If the guardians with feather dusters saw me at all they would have just imagined one more hairy muslim and I mirrored the motions of all the other devotees of holding hand to heart and stroking door pillars for good measure. I had been reading the Koran lately and had it with me, so thought I might as well go through the motions like everyone else and play the part, lest anyone was paying particular attention. Later I had my camera momentarily confiscated but I wasnt the only one taking snaps, that was plain. With that I thought it was time to quit while I was ahead and so back out into the courtyard I searched out the "Reception for Foreign Pilgrims" where I should have reported in the first place, I thought I might as well continue the gag. You could help yourself to literature here and I bagged an interesting booklet explaining how to pray in the prescribed islamic manner, as well as 2 works by big chief Khomeini. Strangely, again I was not aware of seeing a single other westerner here and yet this is where they should all be coming, it was the only show in town. Upon their suggestion, I sought out the museum within the complex which has a surprisingly large and varied collection considering its venue. Unfortunately at this point my pencil ran out of lead and so I was unable to take notes. The display started with relics of the shrine complex which had been replaced, such as very ornate carved wooden doorways, a previous cage and shroud which had covered the tomb, tilework which had been renovated, and windows which had been damaged in a 1994 bombing which killed 27. Following that was a series of paintings including predictably overwrought religious themes but curiously also a landscape of Surrey. There were sea shells and some marine animals, a collection of sporting accolades including the medals of a famous Iranian wrestler who had won 2 Olympic silvers, he was bumped off by the Shah's secret police, the notorious Savak when he was only 38. There were clocks, telescopes, navigational instruments and orories. Most interesting was a thermocouple, a device which let you run a radio off the heat of a paraffin lamp. The basement enclosed a comprehensive and fine display of world stamps and banknotes. With that, I celebrated my impromptu pilgrimage with tea and qalyan in a small but very nicely decked out chaykhuneh, before checking out another smaller but excellent shrine marooned on a busy roundabout. Mashad had been very easy to deal with, with a preponderance of all the services I needed for once obvious for the taking. Though devoid of interest apart form the shrine, it was a relaxing spot for such a large city and I left it with more than just memories. Having made the pilgrimage I now had a title to go with them. I was now Mashti Andy!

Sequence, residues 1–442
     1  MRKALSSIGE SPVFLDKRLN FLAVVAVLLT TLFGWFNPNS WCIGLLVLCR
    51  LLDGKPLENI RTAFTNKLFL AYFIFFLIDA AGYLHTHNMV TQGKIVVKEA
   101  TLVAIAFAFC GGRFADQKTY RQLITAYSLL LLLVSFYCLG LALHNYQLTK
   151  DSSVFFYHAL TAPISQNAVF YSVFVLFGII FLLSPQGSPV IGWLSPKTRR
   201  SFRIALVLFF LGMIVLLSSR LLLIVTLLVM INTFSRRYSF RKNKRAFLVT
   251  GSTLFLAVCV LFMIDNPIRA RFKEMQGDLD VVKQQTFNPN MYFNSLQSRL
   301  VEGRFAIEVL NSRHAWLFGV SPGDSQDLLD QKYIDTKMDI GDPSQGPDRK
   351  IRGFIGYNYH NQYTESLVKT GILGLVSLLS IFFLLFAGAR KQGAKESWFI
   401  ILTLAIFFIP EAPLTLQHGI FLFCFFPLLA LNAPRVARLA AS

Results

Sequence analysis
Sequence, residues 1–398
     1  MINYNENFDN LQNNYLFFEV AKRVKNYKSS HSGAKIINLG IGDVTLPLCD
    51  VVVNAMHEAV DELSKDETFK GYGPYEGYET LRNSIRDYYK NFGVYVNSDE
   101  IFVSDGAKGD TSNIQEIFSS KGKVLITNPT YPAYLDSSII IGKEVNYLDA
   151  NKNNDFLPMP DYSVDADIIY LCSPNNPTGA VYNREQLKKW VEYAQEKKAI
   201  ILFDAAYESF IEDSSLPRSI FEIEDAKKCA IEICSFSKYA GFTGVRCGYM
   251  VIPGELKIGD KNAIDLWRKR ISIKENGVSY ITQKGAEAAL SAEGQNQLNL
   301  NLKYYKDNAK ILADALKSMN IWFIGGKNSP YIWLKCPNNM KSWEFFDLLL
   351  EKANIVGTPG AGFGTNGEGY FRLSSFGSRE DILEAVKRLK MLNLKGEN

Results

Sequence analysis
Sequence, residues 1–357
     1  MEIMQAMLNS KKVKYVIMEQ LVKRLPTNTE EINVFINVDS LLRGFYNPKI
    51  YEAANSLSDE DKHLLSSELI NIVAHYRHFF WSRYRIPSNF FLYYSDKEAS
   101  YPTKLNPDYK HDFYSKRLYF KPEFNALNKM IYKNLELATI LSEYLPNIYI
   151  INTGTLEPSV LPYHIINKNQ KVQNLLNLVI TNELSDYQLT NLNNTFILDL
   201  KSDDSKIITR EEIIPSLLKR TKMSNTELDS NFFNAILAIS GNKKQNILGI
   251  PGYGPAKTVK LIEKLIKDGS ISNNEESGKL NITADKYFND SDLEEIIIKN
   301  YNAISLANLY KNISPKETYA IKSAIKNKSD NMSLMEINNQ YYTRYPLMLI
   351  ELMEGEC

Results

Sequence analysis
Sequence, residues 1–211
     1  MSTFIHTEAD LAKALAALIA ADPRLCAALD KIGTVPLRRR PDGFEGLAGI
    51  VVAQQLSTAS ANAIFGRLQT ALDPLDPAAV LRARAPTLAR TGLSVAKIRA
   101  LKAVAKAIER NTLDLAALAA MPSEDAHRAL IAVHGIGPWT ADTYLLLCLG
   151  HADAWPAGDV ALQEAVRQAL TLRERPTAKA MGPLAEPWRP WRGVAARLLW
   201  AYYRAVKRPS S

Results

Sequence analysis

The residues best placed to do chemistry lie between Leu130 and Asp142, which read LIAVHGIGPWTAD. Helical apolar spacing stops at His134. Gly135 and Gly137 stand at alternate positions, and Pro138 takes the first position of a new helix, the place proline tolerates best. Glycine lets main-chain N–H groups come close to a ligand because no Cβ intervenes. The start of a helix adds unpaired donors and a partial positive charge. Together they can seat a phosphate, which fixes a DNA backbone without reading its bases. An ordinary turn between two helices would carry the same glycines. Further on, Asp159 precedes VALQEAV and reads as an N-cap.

Shi'ite means party, the Party of Ali. Mohammed had nominated his son-in-law Ali to become his successor, but opposition to a dynastic process by some created the Sunni/Shia divide within Islam immediately upon Mohammed's death. The Sunni's ensured that Ali was passed over 3 times before eventually becoming Caliph, and his son Hussein is also revered for his martyrdom at Karbala in Iraq in defence of the faith. Other notables in Shia Islam are the Muharram, the ritual procession which involves self flagelation, a display of anguish at that sacrifice. The Aga Khan is the leader of ther Ismaili sect of Shi'ites.